I recognize that all shops shouldn’t be painted with the same broad brush, but in my view, if you’re inefficient you’re guilty by association. Because of inefficiencies, insurers unnecessarily spend money every day that could have been used to lower premiums or offset the impact of a rate increase. Yes, most insurance companies are profitable, but it’s not as a result of all the great deeds and service provided by body shops.
Most shop owners believe that insurance companies are penny-pinching Scrooges looking to take control over the shops and the industry. That viewpoint is shortsighted. We try to contain our losses by working with shops to ensure estimate accuracy (also known as taking control of the shop). And we also try to find way for shops to be more efficient in the estimate and repair process (also known as taking control of the industry). To recap the obvious, we will do whatever is necessary provided it is not illegal or completely unethical.
I’m certain some of our business practices are less than ideal but the facts are the facts. Shops would not be as advanced as they are today if it weren’t for insurance companies leading them in the right direction. We try to help make you more efficient because when you aren’t, we lose and so does the vehicle owner. So do you, as the shop owner.
How does the vehicle owner lose because of your inefficiency? The inconvenience of being without their car for a few additional days is just the beginning. It can also lead to an increase in our customers’ premiums. Unfortunately, our customer won’t associate that increase in premium to an inefficient repair industry riddled with under-performers. They blame insurers for the rate increase.
The end result is that any additional unnecessary expense in the repair of a vehicle costs us money. How do we account for the additional expense? The only way we can. We pass along that cost through premiums. What do most consumers do when there is a price increase? They look for quotes from other carriers and we potentially lose a customer. For some, that’s just free enterprise, but for individual insurers, that’s a lose, lose and lost scenario.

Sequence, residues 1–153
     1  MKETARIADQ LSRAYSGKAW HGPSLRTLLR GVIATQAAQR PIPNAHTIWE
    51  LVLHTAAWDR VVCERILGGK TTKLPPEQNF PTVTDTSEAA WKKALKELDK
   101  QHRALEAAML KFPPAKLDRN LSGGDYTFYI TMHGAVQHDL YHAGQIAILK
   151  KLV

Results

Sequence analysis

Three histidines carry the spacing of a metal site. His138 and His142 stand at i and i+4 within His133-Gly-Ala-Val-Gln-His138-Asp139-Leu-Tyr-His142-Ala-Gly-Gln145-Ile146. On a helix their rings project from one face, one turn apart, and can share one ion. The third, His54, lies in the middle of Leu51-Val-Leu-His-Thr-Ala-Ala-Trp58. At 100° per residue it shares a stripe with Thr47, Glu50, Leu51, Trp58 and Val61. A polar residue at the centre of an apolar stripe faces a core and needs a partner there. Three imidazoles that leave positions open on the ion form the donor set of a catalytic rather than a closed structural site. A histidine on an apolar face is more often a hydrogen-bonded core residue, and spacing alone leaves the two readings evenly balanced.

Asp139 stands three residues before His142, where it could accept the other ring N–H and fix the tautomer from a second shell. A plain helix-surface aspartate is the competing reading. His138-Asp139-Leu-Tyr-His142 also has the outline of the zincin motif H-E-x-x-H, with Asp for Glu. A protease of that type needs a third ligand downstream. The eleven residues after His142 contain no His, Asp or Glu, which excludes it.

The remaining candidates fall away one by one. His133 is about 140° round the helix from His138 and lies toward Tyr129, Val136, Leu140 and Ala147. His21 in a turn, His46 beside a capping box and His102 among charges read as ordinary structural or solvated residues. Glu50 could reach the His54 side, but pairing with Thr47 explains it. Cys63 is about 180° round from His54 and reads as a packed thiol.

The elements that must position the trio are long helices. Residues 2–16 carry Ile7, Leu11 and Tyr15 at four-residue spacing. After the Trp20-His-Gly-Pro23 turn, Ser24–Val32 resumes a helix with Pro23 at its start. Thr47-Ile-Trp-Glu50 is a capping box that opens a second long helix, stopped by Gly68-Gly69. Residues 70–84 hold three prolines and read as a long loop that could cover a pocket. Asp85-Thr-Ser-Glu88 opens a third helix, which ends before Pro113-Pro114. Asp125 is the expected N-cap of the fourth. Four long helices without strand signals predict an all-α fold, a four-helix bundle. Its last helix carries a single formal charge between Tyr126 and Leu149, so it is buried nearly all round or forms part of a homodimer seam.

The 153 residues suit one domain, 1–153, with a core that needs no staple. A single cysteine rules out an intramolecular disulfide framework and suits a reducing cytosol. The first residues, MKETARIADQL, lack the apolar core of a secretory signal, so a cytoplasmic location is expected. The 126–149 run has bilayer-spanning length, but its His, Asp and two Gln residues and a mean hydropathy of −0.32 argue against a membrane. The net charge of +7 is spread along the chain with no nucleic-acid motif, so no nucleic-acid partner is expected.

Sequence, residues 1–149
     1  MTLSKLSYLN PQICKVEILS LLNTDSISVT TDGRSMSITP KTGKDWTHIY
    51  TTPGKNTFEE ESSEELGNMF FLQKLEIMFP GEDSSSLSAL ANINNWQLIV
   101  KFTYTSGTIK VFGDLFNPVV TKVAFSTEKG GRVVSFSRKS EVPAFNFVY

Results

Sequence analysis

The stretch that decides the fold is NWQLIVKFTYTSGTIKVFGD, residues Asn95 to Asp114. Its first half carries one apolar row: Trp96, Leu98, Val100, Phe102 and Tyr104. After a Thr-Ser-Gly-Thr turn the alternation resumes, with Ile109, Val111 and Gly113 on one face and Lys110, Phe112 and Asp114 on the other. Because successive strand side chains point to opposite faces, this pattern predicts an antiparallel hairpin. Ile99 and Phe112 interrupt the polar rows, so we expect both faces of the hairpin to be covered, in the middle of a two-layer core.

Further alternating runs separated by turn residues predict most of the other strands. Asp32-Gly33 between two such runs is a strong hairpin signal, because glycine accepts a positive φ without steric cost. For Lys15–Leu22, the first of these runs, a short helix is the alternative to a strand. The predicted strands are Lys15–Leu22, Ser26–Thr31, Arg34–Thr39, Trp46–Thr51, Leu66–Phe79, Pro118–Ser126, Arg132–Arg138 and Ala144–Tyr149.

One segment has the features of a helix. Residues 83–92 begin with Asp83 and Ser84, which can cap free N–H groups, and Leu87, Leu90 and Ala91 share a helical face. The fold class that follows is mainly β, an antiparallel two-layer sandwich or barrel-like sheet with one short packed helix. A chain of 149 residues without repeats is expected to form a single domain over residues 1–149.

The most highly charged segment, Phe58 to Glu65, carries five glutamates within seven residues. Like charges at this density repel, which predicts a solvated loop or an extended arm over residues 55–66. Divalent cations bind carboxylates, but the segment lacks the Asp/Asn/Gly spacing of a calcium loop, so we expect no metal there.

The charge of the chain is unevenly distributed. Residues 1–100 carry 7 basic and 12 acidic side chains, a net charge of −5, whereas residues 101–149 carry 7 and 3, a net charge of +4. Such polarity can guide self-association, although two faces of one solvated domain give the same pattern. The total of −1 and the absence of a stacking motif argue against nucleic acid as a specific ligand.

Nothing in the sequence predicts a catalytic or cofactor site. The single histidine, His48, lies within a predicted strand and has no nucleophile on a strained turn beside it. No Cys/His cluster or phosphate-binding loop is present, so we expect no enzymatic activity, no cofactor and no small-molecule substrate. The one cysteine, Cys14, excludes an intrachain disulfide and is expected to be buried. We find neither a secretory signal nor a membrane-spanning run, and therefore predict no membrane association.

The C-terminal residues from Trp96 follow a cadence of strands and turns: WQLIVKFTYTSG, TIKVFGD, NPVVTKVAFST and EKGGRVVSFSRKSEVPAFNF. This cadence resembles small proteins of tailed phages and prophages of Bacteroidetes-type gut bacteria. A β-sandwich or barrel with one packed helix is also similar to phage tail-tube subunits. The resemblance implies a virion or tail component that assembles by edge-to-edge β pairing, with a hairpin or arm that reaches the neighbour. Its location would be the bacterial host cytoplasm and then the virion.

There is another area that can have an even more profound impact on our mutual customer: customer service. Back in the day, all shops were supposed to do was fix the car. Customer service was something you received at a hotel or from a switchboard operator. Even though the industry has evolved significantly, shops are still better at fixing cars than at servicing the customer. That’s where inefficiency and lack of process as it relates to customer service can be devastating to an insurance company. And God help us if your manager or estimator doesn’t like us. It shows in the customer service results.
I would argue that poor customer service indirectly costs insurers more money than a few days of rental or extra hour on an estimate. While we don’t like to admit this publicly, we believe you are an extension of us. Our customers spend more time interacting with you than they spend with us. We can deliver outstanding customer service but if you do a poor job of it, we are going to pay for it. In short: We need you to be more efficient.
So that’s a look at what bothers insurance executives. You may not care because you have more pressing issues that require your attention besides appeasing the ‘rich insurance companies.’
The wish of every major insurance carrier is fairly simple. First, a high-quality, timely and a cost-effective repair should be assumed from a professional operation. Insurers shouldn’t have to monitor, correct, scold, chastise or force accountability in order to have it done right the first time.
More importantly, we wish shops would value customer service as much or more than they care about the actual repair. Inefficient or lack of customer service processes hurts all of us. That’s something that none of us take to the bank.